Published on June 17th, 2013 | by David L Roberts2
Dave’s Top 10 Cleantech & Energy Stories From Last Month
As part of staying current, literally hundreds of clean energy articles are reviewed each month. Thank you, Google. Dozens of relevant stories are found and reported to my network at month’s end and could be sent to you at your request. Some of these leap out, to me anyway, as significant to a wider cleantech audience. By this I mean, both clean (renewable) energy generation as well as conservation, globally. These news tips have been condensed here and formatted as an admittedly plagiarized “Dave’s Top 10” list. Here they are in reverse order:
While all sources have potential for mitigation, biggest challenge will be coal that serves industry.
Due to proliferation of wireless EMS equipment, compatibility with new phones, increasing awareness, and savviness of consumers, HEMS’s are set to boom. A recent report estimates 16% of homeowners now plan to purchase home EMS systems.
Projections for 2025 include natural gas & flex-fuel vehicles (6.5%), hybrid (6%), battery-only (3%), and fuel cell (0.5%) vehicles. A wide variety of hybrid formats are in development, including: gas-battery (Prius), battery-assisted gas engine (Insight), gas-assisted battery (Volt), flywheel (Volvo), etc. Notably, others have projections for a much greater number of fully electric vehicles, while others have higher projections of natural gas vehicles, etc. It depends on who you ask.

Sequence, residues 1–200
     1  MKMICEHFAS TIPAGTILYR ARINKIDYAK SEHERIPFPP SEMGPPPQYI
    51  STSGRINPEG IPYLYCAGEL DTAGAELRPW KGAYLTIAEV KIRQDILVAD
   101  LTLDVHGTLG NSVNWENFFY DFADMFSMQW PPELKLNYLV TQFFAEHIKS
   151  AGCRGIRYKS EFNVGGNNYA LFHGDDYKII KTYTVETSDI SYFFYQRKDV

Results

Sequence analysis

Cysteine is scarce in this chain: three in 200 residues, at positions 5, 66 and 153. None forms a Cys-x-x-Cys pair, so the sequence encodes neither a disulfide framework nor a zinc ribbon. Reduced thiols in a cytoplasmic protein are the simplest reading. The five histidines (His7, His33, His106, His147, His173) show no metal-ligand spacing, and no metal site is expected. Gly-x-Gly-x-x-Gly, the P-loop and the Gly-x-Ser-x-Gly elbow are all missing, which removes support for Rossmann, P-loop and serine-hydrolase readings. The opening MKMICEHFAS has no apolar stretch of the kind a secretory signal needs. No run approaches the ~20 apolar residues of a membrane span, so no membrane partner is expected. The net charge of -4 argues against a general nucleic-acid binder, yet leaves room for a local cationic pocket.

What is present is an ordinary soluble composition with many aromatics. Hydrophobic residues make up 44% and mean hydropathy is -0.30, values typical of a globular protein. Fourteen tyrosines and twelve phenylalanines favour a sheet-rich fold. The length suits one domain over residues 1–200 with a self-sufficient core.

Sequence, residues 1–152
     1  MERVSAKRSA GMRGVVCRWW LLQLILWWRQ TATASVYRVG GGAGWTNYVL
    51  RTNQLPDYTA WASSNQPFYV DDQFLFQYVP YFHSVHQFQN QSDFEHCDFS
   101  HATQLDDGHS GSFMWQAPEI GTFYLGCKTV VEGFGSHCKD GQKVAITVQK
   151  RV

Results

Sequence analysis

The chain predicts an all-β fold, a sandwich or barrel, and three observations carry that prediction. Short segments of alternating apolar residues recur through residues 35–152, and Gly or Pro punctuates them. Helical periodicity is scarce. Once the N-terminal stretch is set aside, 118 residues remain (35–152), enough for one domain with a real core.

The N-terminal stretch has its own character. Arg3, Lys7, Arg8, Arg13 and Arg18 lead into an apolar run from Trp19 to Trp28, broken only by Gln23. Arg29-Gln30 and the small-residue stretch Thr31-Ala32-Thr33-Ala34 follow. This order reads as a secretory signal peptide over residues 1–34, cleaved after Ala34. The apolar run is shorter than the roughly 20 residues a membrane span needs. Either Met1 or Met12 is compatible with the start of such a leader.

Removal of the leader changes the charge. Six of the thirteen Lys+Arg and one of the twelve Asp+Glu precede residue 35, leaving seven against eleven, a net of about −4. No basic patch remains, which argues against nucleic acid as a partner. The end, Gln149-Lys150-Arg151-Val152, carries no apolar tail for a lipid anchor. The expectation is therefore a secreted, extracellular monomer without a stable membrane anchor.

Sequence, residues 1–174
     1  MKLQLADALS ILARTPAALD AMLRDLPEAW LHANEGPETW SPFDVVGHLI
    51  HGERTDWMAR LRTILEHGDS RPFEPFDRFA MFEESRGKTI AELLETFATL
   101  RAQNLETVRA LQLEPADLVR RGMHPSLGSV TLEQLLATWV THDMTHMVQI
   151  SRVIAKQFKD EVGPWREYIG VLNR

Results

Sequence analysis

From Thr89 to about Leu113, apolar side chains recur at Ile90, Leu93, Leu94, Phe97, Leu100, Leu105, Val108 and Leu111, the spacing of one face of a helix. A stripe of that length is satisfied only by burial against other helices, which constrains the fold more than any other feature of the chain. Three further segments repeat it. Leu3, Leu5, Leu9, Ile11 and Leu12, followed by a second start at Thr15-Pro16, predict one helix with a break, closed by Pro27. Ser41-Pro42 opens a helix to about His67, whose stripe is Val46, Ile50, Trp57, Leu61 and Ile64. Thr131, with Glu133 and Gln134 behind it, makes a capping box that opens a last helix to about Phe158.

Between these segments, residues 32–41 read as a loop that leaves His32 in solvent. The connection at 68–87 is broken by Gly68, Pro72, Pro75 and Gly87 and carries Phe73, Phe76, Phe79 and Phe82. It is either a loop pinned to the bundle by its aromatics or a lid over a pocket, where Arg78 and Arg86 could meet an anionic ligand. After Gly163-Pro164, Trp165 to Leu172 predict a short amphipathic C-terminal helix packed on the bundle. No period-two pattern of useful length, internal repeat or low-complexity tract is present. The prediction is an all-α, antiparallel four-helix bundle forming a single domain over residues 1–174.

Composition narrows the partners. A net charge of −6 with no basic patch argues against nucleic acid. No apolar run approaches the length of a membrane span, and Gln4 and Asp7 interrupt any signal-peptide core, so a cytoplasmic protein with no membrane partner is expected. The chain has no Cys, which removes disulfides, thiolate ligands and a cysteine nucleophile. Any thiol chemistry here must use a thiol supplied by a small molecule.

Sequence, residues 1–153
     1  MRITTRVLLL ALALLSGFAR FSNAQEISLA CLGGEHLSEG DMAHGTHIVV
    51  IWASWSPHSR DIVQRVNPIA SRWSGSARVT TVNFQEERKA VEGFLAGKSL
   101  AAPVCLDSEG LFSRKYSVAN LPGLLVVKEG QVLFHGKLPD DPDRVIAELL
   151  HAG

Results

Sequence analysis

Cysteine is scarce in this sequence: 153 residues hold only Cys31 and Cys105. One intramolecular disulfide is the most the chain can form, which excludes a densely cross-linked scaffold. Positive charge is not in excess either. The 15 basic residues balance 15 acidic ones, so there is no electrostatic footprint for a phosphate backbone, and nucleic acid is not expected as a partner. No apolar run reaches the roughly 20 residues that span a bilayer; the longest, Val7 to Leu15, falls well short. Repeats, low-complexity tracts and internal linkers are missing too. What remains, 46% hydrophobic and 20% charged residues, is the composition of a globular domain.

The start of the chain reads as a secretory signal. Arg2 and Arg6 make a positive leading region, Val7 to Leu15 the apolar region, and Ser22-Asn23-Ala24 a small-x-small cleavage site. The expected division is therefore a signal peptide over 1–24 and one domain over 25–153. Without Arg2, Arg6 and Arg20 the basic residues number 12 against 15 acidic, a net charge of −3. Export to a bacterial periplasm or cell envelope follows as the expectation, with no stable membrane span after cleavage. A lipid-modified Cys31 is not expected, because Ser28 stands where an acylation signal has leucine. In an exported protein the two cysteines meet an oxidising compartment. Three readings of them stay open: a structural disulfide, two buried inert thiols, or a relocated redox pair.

However, political headwinds continue making it unlikely.
6. Good news about the US reducing its GHG emissions by 4.2% 2000 to 2010.
However, more curious is how CA (the lowest user of coal for electricity generation) has reduced its emissions by only 3% since 2000. A parallel report for Europe shows reduction of GHG emissions by 3.3% vs. 1990 — UK down 7%, owing (they say) to a milder winter.
… not the least of which is that methane is 20-25 times more potent as a contributor to global warming vs. CO2. And natural gas is 80% methane!
Fracking has stimulated such a boom that it challenges development of — and investment in — alternative (clean) fuels.
3. US House bill HR1959 proposes to amend the Clean Air Act and the Renewable Fuels Standard (RFS) by allowing natural gas as well as corn, switch grass and other biofuels to meet quantity requirements.
If natural gas is included, this could dramatically change the ethanol business.
More and more experts are saying that ethanol, and especially E15, is not as promising as natural gas (and its derivations) or electricity (for EV’s) for transportation use.
Dave’s Top news story (my opinion) from May:
While not stating a timetable of exact amounts, the announcement is a key step in reconciling “who goes first” and may be a turning point in setting global GHG standards at the next climate change summit in Paris 2015. So far, the US has not committed to strong cuts “due to” China’s reticence.